In a recent TLDChat on #videoFriday, I had the chance to talk with Mike Sloat. Mike is a long-time video creator who has made thousands of videos (music, corporate videos, etc.) I had the chance during the live stream (jump to 1:02:44 in the video) one thing he would recommend to people looking to learn to get better video. His response? “Practice Editing.” Practice is key to learning how to edit videos well.
Mike’s advice is fantastic because being a good video editor helps you become better at knowing how to tell stories. In addition, learning to become a good video editor will help you become more familiar with the various media, assets, structure and style you’ll need and want to create your own videos.
However, if you are new to video, this is no small task. Video editors can feel intimidating and overwhelming, and just getting to the point of practicing can feel difficult. But don’t worry, there’s hope. Let’s look at one of the key ingredients of video editing, and get you one step closer to making your awesome video.
The Video Editor Timeline
Most video editing software these days has a non-linear timeline editor or sometimes called an NLE (nonlinear editor). This is the part of the software that allows you to add media, cut it, arrange, adjust it – basically manipulate the parts the video, so it looks, sounds, and feels the way you want it. The nonlinear part means that you don’t have to put the media onto the timeline in linear or sequential order. If you wanted, you could add the last clip, then a middle clip, then fill-in between, before adding the beginning media.
There are several components of a video editing timeline you should be aware of:
A) Timeline. It’s called a timeline because the various pieces of video will be lined up horizontally, with footage on the left displaying before footage on the right. Usually, the timeline will have time code markers indicating the location of each frame.
B) Tracks. Usually stacked vertically, allowing for multiple pieces of media (both audio and visual) to be added to your video. In most editing programs, visual items on the higher tracks will appear on top, in what is called the z-order (https://en.wikipedia.org/wiki/Z-order).
C) Media. The media sits on the timeline and can be made up of video, audio, text, images, etc. These are the elements of your video.
D) Playhead. The playhead depicts where in the video you are previewing. The playhead is an essential element to make sure you are editing the correct part of your video.
Depending on your video editor, there are other functions that will help you with your video editing. These could include tools for cutting, splitting, zooming in for a close view of your timeline, track locks and more. If you’re not familiar with your software’s editing timeline, it’s worth taking a few minutes to get familiar with its functions. A quick tip for when you’re learning a new piece software is to hover your mouse over the tool you’re wondering about. Usually, a tool tip will appear giving you the name of the tool, so you can easily research what it does and how it works.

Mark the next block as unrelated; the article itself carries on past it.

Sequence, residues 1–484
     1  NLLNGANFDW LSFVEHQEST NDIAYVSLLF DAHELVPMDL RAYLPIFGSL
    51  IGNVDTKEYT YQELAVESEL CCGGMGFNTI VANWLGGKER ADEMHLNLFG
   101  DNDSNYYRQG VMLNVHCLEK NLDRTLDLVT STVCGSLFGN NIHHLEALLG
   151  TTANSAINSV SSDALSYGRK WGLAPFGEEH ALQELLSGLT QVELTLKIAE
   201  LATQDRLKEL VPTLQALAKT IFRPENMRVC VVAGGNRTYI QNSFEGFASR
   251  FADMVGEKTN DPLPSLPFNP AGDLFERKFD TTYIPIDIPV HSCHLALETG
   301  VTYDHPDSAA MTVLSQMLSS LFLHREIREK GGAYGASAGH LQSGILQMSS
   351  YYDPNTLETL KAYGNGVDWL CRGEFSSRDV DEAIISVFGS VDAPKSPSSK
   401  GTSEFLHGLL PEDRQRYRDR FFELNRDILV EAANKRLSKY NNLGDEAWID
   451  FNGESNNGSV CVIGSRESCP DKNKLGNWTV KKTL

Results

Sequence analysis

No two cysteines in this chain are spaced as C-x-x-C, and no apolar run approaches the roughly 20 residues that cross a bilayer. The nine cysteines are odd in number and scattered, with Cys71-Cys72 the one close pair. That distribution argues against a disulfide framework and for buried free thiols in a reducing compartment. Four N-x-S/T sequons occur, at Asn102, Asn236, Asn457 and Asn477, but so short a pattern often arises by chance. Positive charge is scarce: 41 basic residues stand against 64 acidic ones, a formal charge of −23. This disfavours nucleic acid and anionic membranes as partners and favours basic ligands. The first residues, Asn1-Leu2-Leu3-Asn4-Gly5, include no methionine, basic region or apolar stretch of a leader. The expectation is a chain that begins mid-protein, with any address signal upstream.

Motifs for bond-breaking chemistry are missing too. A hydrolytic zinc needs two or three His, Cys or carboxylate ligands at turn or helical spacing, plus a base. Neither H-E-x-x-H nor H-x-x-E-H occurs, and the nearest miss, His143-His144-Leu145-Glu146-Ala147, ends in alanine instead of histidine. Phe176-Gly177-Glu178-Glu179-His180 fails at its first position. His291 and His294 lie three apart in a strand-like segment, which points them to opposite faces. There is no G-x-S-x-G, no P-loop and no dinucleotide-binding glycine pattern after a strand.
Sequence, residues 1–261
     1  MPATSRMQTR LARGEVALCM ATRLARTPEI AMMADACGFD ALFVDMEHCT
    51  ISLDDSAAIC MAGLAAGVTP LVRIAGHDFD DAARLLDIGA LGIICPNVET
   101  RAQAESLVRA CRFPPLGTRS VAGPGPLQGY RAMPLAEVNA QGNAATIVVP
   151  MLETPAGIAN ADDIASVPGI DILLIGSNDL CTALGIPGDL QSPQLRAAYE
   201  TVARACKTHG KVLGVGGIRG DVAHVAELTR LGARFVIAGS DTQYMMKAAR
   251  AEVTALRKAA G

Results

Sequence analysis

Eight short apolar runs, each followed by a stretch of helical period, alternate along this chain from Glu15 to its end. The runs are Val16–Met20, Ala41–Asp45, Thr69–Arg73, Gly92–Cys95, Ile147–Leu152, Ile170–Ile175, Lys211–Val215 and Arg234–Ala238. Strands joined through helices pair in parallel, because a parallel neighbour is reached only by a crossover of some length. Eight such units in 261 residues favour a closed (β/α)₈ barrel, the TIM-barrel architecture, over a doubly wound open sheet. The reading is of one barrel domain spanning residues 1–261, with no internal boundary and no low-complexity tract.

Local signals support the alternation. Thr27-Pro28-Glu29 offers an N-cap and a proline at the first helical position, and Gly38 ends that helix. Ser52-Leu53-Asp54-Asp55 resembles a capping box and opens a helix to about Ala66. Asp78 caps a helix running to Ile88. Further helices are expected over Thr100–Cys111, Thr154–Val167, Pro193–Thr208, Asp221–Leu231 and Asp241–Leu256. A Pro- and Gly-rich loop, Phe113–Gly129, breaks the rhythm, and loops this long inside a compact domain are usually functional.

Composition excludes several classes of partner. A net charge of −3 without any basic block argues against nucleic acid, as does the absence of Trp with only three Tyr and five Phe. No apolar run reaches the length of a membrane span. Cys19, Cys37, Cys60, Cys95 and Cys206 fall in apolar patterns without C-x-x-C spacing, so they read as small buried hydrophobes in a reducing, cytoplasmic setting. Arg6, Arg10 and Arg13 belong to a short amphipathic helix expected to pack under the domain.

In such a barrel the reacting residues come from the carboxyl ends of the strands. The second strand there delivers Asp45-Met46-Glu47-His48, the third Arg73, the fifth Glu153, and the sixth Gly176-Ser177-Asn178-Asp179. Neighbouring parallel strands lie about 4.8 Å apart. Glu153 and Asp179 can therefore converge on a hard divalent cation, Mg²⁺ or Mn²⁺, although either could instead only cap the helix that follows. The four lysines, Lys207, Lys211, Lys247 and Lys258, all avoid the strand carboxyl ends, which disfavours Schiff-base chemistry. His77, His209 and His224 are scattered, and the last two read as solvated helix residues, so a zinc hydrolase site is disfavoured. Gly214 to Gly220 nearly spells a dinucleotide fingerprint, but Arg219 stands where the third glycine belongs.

Workflow for Editing with a Video Timeline
There are many ways you can go about editing video, and you should determine what works best for you. The following are suggestions to help you get started, but as you get comfortable with your editing workflow, feel free to make changes.
1) Gather all of the footage that you think you might want to use in your video. Not sure if you need something? It’s okay to gather it, so it’s at the ready.
1a) If you have a lot of footage, it is helpful to label everything. It seems like a lot of work, and it is, but the bigger the project, the easier it will be to find everything that you need later.
2) Once you have your footage gathered, add the key footage to the timeline to start building the order and general flow of the video. If I was editing an interview, or a tutorial, this would be the main footage.
Once added to the timeline, you should trim each clip, and narrow down the footage to the key pieces. At this point, don’t worry about effects or other editing tasks (like transitions). The key here is to nail your message down.
3) Once you have your main footage in place and are giving the message you want, you can start adding secondary footage, including adding b-roll, lower thirds, and other images or text.
4) Once you’ve built out your video visually, you can add audio, like music.
The Art of Editing Video on the Timeline
Editing video on the timeline is a mixture of both art and science. There are lots of effects, interesting and cool things you can try. But as with many things in life, less is more.
As you get into editing your video, I’d recommend watching a lot of videos. What are they doing well? What types of editing did they do that you found effective? As you look at these videos, write down ideas of the concepts for editing that you would like to mimic or try yourself.
If you need more help learning about video editing, check out some of these other posts:
Visit the TechSmith Academy for free access to learning materials and downloadable resources that will help you improve your video creation skills!